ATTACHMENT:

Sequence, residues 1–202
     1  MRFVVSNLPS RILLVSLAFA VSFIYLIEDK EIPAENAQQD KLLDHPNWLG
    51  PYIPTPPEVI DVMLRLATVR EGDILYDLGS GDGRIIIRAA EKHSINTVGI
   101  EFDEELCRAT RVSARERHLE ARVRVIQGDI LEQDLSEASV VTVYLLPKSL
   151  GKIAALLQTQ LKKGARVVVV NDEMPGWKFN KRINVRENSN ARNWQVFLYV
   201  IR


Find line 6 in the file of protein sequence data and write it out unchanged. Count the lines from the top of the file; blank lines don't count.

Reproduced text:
   201  IR